Comair B738 near Lanseria on Jul 8th 2019, engine shut down in flight

Last Update: August 4, 2020 / 19:54:03 GMT/Zulu time

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Incident Facts

Date of incident
Jul 8, 2019

Classification
Incident

Airline
Comair

Flight number
MN-494

Aircraft Registration
ZS-ZWE

Aircraft Type
Boeing 737-800

ICAO Type Designator
B738

A Comair Boeing 737-800, registration ZS-ZWE performing flight MN-494 from Cape Town to Lanseria (South Africa) with 182 passengers and 6 crew, was enroute at FL330 and about to reach the top of descent into Lanseria when the crew observed a left engine (CFM56) low oil quantity indication and detected the oil quantity had received to 17%. Following the detection the crew requested an early descent to FL210 and consulted with dispatch, who instructed the flight crew to monitor the oil quantity and if the oil depletes prior to reaching Lanseria divert to Johannesburg if possible. The crew initiated the descent towards Lanseria, during the descent the oil quantity reduced to 0% prompting the crew to shut the engine down. The crew diverted the aircraft to Johannesburg for a safe landing on runway 21L.

A post flight inspection revealed engine oil on the inside of the engine cowlings, the starter drain/fill magnetic plug housing was found loose inside the engine cowlings.

South Africa's CAA (SACAA) rated the occurrence and incident and opened an investigation releasing a preliminary report. The SACAA stated: "On board the aircraft was a crew of 6 and 194 passengers (188 souls) on board." (Editorial note: I have trouble with that math! 188 souls including 6 crew means 182 passengers, not 194 according to mathematics, maximum seat capacity in single class configuration is 189 people).

The SACAA reported the aircraft had suffered a starter failure of the left engine the previous day while preparing for departure from George (South Africa). The only Licensed Aircraft Maintenance Engineer (LAME) available to perform the necessary repairs at George was permanently based at Capetown but was in George on relief duty for the local LAME. He phoned the base in Johannesburg to find out whether a replacement starter was available and was told, no starter unit was available in storage, however, a starter unit was available on a serviceable engine currently in the work shop at Johannesburg. The starter was dismounted and shipped to George arriving in George about 4 hours after the starter failure.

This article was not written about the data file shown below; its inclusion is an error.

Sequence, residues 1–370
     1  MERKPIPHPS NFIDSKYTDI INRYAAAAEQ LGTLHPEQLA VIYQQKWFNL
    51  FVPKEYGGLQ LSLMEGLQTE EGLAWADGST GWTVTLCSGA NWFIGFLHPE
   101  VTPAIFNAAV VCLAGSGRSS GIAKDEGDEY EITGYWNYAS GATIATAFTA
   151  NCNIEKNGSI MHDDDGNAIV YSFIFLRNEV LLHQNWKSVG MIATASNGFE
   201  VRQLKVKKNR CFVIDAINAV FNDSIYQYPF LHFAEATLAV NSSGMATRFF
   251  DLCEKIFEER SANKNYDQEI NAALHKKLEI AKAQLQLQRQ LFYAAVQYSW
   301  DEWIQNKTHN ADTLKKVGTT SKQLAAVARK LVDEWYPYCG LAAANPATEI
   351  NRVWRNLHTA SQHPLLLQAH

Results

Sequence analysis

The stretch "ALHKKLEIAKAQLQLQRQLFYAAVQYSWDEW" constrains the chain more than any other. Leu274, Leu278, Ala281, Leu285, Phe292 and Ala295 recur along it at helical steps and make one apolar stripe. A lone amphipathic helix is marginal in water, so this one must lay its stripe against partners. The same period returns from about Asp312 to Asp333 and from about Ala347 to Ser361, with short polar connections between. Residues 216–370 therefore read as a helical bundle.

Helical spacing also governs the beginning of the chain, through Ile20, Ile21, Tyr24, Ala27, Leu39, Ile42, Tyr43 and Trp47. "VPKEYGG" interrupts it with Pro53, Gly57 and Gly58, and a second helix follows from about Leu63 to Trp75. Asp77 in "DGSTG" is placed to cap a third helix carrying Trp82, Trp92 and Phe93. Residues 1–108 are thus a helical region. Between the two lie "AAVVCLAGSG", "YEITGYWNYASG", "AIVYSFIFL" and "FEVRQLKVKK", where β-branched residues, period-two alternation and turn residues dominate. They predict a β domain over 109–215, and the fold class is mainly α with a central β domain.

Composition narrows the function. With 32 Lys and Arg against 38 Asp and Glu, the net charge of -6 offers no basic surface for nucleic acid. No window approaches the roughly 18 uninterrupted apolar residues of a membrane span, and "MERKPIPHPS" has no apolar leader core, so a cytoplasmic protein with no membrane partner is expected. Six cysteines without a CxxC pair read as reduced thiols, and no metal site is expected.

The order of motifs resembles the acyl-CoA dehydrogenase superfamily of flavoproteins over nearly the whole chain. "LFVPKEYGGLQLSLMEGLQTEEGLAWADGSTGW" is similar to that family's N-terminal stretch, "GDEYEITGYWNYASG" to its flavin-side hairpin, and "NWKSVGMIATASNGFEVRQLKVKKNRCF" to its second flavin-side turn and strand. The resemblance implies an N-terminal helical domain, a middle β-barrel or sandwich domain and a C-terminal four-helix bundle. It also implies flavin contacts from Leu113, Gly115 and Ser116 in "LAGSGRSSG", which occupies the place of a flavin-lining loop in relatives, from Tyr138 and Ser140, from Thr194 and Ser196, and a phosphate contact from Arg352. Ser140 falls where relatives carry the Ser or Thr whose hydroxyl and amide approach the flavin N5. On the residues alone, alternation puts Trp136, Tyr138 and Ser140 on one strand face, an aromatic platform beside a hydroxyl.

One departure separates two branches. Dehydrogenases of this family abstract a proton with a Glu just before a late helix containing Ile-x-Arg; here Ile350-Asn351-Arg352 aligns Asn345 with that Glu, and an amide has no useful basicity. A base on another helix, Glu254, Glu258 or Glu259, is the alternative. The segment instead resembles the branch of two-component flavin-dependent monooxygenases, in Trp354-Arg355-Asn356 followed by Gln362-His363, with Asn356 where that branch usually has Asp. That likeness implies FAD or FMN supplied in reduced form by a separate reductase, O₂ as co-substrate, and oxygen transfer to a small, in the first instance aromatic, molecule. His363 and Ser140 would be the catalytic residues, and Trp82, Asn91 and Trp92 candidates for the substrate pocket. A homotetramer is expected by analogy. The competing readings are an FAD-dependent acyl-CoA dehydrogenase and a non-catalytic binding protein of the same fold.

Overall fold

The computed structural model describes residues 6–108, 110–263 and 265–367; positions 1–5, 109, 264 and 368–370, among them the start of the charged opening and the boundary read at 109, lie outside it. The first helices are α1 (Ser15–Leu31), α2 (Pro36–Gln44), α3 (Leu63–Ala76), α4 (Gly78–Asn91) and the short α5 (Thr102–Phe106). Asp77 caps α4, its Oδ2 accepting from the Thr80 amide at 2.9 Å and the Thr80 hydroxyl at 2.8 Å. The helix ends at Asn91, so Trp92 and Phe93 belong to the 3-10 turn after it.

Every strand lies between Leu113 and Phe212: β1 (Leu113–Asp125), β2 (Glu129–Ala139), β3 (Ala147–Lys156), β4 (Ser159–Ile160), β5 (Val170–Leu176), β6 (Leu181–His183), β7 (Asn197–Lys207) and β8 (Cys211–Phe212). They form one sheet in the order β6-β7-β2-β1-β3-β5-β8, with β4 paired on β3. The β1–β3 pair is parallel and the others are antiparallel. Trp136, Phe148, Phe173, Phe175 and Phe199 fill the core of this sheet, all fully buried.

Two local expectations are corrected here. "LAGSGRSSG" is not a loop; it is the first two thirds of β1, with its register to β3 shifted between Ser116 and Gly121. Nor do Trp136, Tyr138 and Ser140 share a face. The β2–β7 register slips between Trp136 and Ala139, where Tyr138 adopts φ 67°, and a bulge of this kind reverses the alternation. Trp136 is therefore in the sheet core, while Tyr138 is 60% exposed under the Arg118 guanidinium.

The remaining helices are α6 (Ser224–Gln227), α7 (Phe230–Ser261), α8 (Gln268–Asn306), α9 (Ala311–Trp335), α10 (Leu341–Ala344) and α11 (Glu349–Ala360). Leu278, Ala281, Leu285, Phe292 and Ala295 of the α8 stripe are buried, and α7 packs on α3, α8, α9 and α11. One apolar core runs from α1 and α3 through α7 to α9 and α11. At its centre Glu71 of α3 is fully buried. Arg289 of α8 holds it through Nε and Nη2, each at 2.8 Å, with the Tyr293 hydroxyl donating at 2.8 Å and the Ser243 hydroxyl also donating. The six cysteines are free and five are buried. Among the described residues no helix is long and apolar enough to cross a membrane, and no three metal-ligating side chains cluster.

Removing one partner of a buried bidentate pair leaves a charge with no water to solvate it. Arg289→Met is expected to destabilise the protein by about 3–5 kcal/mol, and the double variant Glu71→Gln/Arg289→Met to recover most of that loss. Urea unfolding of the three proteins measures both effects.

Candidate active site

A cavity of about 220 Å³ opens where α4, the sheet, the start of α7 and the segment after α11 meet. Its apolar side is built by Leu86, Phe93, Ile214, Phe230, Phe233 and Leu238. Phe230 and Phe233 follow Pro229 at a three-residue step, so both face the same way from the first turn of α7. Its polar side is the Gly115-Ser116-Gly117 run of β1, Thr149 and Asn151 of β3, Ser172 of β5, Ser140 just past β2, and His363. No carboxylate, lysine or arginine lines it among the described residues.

The LAME attented to a number of aircraft while waiting for the starter, then began to dismount the defective starter, noticed the part number of the dismantled starter and the replacement were different and consulted with maintenance in Johannesburg whether those were interchangeable, which was affirmed. The LAME had to attend to another two aircraft landing in and departing George while replacing the starter. After finishing the assembly of the replacement starter the aircraft ZS-ZWE was released for its next flights. ZS-ZWE departed to Cape Town about 6 hours after the starter failure but suffered the occurrence the following day. First indications of oil quantity reduction occurred in flight during the occurrence flight.

The SACAA stated that the Aircraft Maintenance Manual (AMM) required the starter drain/fill magnetic plug required to be torqued at a a specific torque, subsequently a safety wire should be attached. The relevant computer software system showing the applicable AMM was not available to the LAME however. The LAME thus did not torque the magnetic plug at the required torque nor did he apply the safety wire. The SACAA wrote: "The engine oil leak was due to a magnetic plug that loosened during operation as it was not torqued and secured with a safety locking wire as per the applicable AMM procedures."

On Aug 4th 2020 SACAA released their final report concluding the probable causes of the incident were:

Probable Cause

The starter oil drain/fill magnetic plug separated during a flight from FACT to FALA as it was not locked after maintenance which was undertaken the previous day. This resulted in the oil leaking from the engine number 1 through the starter oil drain/fill port.

Contributory Factors:

The AME, when performing a starter change, relied on the information he was given by the base station in FACT, and not the AMM.

The AME was overwhelmed with work on 7 July 2019 due to extra maintenance required on the defected engine number 1 starter.
Incident Facts

Date of incident
Jul 8, 2019

Classification
Incident

Airline
Comair

Flight number
MN-494

Aircraft Registration
ZS-ZWE

Aircraft Type
Boeing 737-800

ICAO Type Designator
B738

This article is published under license from Avherald.com. © of text by Avherald.com.
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